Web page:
Robotics facility among projects funded by University of Michigan deal

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The University of Michigan will offer $225 million of its top-rated paper next week in a new money and refunding deal that will help finance a new robotics building.

The school is issuing roughly $17 million of taxable bonds to fund a portion of the Ford Motor Company Robotics Building, a new state-of-the art facility for the College of Engineering's robotics program. Ford provided a significant gift and will be leasing part of the building to locate collaborative research activities with the university.

“We chose to issue taxable bonds for this project so as to not have to worry about any potential private business use limitations or tracking due to the collaboration with Ford,” Cynthia Corridore, assistant treasurer at the University of Michigan said.

The tax-exempt bonds will be issued in two series. Roughly $84 million of the proceeds from the $147 million series will be used to refund bonds from a 2009 issue and the rest will fund new money projects. The projects include the renovation and addition to its Dearborn engineering lab and the renovation of the school’s student union center.

Another $62 million of tax-exempt bonds, structured as fixed rate, soft-put bonds, will fund a portion of the school’s new money projects. The first put date is April 1, 2024

“The put bonds add diversity to our debt portfolio and takes advantage of the short end of the yield curve, appealing to a broad investor base,” Corridore said.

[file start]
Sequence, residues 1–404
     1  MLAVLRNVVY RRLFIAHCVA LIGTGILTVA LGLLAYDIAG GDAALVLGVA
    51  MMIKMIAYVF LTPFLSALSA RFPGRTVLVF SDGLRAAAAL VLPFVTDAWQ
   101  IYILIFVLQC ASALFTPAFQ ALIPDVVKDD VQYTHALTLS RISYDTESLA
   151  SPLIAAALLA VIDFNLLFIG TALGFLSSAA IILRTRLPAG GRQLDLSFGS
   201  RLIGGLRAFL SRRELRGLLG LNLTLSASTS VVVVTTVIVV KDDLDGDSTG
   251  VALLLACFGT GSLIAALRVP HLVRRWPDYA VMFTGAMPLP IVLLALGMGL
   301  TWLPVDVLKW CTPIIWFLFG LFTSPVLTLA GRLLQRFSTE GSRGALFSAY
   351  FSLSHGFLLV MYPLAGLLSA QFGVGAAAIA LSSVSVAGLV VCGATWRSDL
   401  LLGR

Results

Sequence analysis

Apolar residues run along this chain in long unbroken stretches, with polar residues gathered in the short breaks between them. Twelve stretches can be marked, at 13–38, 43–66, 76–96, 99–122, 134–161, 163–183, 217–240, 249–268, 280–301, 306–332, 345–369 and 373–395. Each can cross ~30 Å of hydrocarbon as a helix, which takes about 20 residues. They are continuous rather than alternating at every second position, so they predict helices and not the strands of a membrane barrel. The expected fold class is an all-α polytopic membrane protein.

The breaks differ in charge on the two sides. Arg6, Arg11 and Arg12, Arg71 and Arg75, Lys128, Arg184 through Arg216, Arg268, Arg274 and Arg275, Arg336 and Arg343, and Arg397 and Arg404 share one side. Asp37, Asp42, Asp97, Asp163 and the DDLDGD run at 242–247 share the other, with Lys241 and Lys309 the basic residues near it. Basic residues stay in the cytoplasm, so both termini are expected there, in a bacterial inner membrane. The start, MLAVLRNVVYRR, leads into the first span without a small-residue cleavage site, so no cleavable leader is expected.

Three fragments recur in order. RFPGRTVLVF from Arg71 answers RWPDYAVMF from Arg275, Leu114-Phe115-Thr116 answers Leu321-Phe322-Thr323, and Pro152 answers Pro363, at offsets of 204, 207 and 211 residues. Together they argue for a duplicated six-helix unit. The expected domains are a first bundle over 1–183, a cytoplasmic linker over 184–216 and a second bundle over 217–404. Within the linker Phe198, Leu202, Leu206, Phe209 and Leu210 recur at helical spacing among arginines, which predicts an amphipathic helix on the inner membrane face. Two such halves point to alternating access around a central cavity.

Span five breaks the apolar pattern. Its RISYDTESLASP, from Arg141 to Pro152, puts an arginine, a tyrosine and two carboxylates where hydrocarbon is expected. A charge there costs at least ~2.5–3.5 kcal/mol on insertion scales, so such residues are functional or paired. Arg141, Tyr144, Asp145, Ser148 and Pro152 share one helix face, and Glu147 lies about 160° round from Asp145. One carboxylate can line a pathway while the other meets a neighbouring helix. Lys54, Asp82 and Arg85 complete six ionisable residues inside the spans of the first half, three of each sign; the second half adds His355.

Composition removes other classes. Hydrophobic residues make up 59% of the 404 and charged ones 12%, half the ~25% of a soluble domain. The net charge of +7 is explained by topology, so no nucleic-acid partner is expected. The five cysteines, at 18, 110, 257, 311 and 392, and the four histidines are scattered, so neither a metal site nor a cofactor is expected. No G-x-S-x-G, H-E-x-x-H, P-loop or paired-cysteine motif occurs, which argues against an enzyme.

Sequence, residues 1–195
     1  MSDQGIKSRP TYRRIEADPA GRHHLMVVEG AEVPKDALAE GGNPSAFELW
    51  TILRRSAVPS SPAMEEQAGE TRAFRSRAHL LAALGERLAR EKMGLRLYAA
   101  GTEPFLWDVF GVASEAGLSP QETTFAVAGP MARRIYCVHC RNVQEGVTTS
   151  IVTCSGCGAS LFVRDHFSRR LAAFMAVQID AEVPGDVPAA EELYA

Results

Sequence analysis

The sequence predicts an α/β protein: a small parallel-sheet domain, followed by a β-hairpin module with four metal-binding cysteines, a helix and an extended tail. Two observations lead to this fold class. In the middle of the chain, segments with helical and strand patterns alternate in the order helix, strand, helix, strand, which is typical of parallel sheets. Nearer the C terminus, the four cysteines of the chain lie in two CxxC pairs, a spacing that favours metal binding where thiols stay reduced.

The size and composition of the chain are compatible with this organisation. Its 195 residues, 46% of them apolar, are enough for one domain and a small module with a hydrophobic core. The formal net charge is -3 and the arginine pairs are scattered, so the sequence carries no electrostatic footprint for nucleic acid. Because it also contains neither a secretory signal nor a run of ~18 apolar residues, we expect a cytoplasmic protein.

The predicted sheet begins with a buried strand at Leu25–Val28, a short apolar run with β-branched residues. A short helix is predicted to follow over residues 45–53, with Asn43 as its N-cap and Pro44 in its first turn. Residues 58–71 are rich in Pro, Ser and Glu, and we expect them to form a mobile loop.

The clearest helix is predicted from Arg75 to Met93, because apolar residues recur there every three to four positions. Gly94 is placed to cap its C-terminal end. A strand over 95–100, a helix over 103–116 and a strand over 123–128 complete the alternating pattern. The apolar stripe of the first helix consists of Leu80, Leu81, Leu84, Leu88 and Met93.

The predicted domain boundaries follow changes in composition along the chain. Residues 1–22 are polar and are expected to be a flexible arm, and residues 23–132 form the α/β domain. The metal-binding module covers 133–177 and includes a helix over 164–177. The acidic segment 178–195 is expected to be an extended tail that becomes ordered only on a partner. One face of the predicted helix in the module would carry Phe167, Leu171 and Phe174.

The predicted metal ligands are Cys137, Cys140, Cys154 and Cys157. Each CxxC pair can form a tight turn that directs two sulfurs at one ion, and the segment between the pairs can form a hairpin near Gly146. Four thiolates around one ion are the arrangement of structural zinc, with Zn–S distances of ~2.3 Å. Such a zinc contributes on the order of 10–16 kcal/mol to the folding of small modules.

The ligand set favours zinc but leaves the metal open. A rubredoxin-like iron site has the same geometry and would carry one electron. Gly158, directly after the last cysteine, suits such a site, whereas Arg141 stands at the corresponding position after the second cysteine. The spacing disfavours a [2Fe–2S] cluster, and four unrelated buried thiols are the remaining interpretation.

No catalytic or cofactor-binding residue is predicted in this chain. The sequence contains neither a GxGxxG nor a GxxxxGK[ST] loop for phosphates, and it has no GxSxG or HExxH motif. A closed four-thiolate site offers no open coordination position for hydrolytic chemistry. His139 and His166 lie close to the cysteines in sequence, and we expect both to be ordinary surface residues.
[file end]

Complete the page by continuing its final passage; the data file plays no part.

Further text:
The bonds will sell in the week of Feb. 11 with Goldman Sachs as senior manager. Bank of America Merrill Lynch, Barclays Capital and Wells Fargo Securities are co-managers.

The bond sale will increase the university’s debt load to $2.5 billion with $330 million more expected over the next two years. At the same time, the university also plans to pay down approximately $80 million in principal in fiscal 2019, and about $180 million in fiscal 2020-2021.

The university is rated Aaa by Moody’s Investors Services and AAA by S&P Global Ratings.

“In our view, UM has sufficient balance-sheet flexibility to absorb this debt, at the current rating, assuming the balance sheet remains stable,” S&P said.

“While UM has substantial capital plans over the next three to five years, its debt levels will remain manageable given the multiple sources of capital funding,” Moody’s said.

UM is the flagship among Michigan's 15 public universities. It has an enrollment of more than 59,133 at its main campus in Ann Arbor and two other campuses in Dearborn and Flint. The university’s operating revenue for fiscal 2018 totaled $8.7 billion. The university derives roughly half of its revenue from its Michigan Medicine health care operations.

The university has an endowment of $12 billion, according to an investor presentation. State operating appropriations are only 4% of the university's overall revenue

In December 2018, the university became the first public institution to successfully raise $5 billion in a fundraising campaign, raising over $5.2 billion for the Victors for Michigan campaign, $1.2 billion over its $4 billion goal, according to S&P.

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